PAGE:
“Posadas” are any parties held during the month of December, in anticipation of Christmas. What makes any dinner gathering a “posada” are a few crucial elements: tamales, pozole (soup with meat and corn), alcohol, and singing. Singing you ask? Yes, well the tradition is to re-enact Mary and Joseph’s search for lodging the night before the birth of Jesus, and they do this by song. The party splits up into two halves and creates a physical distance between the two groups, either by going outside the front door, or on the street, or even a slightly lower part of the house or patio. The “outsider” group represents Joseph and Mary, and the “insider” group represents the inn or residents of the barn they are trying to stay at. The two sides sing to each other, taking turns singing their scripted lines, and then finally the outsiders are let in and the whole party reunites and sings together…And then continues eating and drinking together.

About now you’re wondering when I’m going to make a funny comment or something, in desperate attempts of keeping your attention. Well, as of yet, I’ve got nothing, so just keep reading.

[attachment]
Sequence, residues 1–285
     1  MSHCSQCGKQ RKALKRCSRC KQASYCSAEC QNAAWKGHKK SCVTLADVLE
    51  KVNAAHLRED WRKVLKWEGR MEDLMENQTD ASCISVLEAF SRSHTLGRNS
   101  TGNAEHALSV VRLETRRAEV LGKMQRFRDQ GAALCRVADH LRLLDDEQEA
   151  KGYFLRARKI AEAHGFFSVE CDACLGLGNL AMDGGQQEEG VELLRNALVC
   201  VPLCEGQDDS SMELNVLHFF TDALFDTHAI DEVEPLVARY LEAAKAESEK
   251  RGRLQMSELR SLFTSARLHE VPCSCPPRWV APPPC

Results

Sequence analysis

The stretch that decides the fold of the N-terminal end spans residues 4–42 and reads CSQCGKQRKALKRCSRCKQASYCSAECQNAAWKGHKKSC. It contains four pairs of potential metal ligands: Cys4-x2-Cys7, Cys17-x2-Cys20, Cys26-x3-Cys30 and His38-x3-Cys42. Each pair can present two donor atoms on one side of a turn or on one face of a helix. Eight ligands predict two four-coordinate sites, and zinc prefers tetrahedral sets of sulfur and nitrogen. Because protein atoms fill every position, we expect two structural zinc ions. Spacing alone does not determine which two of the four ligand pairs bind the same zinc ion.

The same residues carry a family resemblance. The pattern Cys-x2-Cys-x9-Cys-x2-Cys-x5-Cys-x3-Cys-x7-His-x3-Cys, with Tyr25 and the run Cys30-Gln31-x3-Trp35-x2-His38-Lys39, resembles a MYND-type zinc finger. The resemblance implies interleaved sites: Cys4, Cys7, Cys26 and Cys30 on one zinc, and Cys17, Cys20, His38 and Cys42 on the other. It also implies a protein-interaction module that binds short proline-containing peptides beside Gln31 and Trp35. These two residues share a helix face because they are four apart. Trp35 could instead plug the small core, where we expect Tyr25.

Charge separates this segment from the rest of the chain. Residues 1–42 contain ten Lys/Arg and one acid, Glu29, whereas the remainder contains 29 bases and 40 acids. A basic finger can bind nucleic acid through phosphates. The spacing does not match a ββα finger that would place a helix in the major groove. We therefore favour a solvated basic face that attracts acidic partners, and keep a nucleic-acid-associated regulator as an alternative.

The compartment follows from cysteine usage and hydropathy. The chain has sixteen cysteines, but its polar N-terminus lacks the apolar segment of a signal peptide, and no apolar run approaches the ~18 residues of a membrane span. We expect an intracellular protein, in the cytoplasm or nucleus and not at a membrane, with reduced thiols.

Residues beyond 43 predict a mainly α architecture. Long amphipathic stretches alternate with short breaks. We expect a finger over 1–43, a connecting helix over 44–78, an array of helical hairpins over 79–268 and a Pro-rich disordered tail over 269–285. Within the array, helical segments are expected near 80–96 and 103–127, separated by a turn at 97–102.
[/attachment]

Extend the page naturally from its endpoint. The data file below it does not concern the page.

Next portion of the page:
A lot of family from the States flew in for the end-of-the-year festivities, and so it was good getting to see them, especially those that I haven’t seen in a long time. Some of them I didn’t even remember too well but it was good seeing them again, and reestablishing a relationship. However, I find I am constantly asking myself who is or isn’t family, if so, what that makes them to me, and how it is exactly we are connected. For example, with all the posadas and everything, on one instance I met the brother, wife, and kids of the spouse of my first cousin of one of my aunts. For all I know there might exist a title for that connection, but I sure don’t know it. Another time I met the youngest nephew (and his family) of one of my aunts, but on her husband’s side, and tried to figure out if that makes him anything to me. It is quite impressive how they keep track of relationships here, from the nucleus of one’s family—mom, dad, brothers and sisters—further out to spouses, children, brothers-and-sisters-in-law, grandparents, grandchildren, nieces and nephews, second cousins, and then again the spouses and children of these ever-expanding relationship networks. So you don’t date or marry a single person down here, but rather, their family network.